Is the Welfare State Just?: Howard Schweber says Yes, It is Fundamental to a Democratic Society


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Howard Schweber is Professor of Political Science and Legal Studies at the University of Wisconsin-Madison, and the author of a number of books on political theory and constitutional law, as well as numerous scholarly articles. He also writes a regular column for The Huffington Post.

The Undercurrent is sponsoring a debate between Schweber and Don Watkins (of the Ayn Rand Institute) on the topic “Is the welfare state just?” on April 1st. Visit the site above or for more information on how to watch the debate live online.

TU sat down with Howard Schweber to learn more about his views on the justice of the welfare state:

1. Why in essence do you think the welfare state (the system of transfer payments such as social security, Medicare, food stamps, etc.) is just?

The question is framed in a misleading way. The “welfare state” does not only include the transfer payments mentioned, it also includes the existence of public schools and universities like the one where I teach (The University of Wisconsin), the public maintenance of social services, and a wide array of other activities supported by tax dollars, most of which benefit the middle class and the wealthy rather than the poor. In fact, the estimates are that approximately 5/6ths of all social welfare spending in the United States benefits the non-poor. So the moral case for or against the welfare state has to include all those elements, or else the argument risks devolving into the proposition that only benefits for poor people are unjustifiable while benefits for the members of our audience are somehow outside the scope of the discussion.

Leaving that aside, I would argue that it is not merely the case that the welfare state is just, it is the case that the abolition of the welfare state would be fundamentally unjust. There are many reasons for taking this position, but here are just three:

First, it is unjust to refuse to pay one’s debts. Prior generations have sacrificed their taxes, their sweat, and in some cases their blood to create a decent living for the current generation. Those past ancestors cannot be paid back directly, they ask the same thing that was asked of them, to pay the debt forward by maintaining a decent society now and improving the lot of the next generation. That is the fundamental ethical presumption of any social organization from a family to a nation-state: that its members understand that they have obligations to others not yet born based on the debts they owe to those who have gone before. Now this young generation comes along and declares that they are the end of history: those who contributed to their welfare were suckers, they owe nothing to anyone.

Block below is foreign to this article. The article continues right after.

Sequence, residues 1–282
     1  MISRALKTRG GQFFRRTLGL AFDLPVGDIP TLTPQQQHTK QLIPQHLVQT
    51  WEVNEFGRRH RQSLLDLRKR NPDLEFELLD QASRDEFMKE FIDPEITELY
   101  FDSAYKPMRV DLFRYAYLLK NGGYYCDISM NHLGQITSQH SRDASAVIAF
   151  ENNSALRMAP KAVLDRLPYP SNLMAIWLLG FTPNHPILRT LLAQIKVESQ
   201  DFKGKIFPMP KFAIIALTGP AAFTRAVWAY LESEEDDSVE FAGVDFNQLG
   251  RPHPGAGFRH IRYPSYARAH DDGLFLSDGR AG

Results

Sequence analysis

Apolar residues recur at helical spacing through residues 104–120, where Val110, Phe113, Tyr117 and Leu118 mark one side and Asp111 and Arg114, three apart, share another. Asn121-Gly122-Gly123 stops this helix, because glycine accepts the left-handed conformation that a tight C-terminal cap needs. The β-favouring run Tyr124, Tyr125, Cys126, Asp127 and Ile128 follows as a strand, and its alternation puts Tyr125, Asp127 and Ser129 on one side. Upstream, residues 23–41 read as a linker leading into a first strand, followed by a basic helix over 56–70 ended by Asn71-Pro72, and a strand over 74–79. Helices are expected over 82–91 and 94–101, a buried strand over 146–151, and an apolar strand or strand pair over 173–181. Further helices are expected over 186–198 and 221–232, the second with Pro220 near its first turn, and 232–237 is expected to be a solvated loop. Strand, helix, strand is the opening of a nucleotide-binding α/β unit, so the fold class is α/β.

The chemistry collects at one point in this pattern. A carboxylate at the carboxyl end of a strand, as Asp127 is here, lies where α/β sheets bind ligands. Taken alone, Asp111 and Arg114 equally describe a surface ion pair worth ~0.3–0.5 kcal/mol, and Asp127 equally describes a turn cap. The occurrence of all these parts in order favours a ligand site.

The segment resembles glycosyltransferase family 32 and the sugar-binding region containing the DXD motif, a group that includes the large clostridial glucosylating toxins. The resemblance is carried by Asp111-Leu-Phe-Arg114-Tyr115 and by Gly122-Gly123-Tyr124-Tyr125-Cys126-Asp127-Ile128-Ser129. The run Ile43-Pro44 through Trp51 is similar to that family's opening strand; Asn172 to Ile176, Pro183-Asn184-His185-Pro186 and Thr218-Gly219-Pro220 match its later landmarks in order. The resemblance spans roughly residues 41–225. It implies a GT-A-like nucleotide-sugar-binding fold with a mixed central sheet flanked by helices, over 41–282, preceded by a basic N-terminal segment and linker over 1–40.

Here’s just one example. 8 million veterans have had their educations paid for by the GI bills, and more than 2 million received mortgages or business loans. That helped create stable and prosperous households in which their children could grow up—and now when those children and grandchildren are being asked to help other fellow citizens I hear the response “who, me?”

Second, it is not unjust to invest in the development of human capabilities: indeed, I would argue that it is profoundly unwise as well as unjust to fail to do so. One rationale behind social welfare systems is not charity, it is public investment in human capital—this is the justification for the majority of the welfare state’s programs, which direct resources to the non-poor with the aim or producing public goods in the form of economic growth and security. There is a startlingly direct correlation between levels of economic and social development on the one hand and the level of access to participation in the economic system on the other. Public spending on education is one example, but there are many others including ensuring the availability of that education to girls as well as boys, rural residents as well as city-dwellers, poor as well as well-off populations. In a competitive world, no society can afford to waste massive amounts of human capital by allowing it to go undeveloped. That’s what social welfare payments are for; they are investments in the economic and social future of the nation. It’s not just nutrition and educational opportunities for the young that fit this model. For example, benefits to the elderly release the human capital of younger people who are not bound to remain at home to care for aged relatives or crushed by the costs of health care. And benefits to the indigent help not only their children, but also the adults to return to contributing to the collective welfare: the average period of time a person is on public assistance is two years.